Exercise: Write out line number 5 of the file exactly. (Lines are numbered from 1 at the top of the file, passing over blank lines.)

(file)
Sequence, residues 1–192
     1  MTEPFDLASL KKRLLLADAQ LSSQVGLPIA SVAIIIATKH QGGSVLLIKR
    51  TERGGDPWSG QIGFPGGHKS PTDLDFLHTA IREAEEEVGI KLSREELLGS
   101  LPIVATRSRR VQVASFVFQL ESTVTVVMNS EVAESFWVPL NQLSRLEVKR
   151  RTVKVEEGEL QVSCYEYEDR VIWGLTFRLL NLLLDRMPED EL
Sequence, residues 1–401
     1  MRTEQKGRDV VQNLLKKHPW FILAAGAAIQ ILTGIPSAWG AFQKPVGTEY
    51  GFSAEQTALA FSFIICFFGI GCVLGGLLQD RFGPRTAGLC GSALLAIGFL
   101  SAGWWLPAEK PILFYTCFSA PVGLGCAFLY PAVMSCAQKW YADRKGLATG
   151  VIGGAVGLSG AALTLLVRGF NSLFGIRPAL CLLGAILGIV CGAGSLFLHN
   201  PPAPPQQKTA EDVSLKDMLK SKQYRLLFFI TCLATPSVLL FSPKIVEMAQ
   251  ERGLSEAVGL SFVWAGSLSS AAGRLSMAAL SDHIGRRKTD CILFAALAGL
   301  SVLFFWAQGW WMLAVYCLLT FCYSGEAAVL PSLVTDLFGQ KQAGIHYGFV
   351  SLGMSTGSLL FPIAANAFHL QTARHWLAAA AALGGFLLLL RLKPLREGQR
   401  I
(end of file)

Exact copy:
   151  RTVKVEEGEL QVSCYEYEDR VIWGLTFRLL NLLLDRMPED EL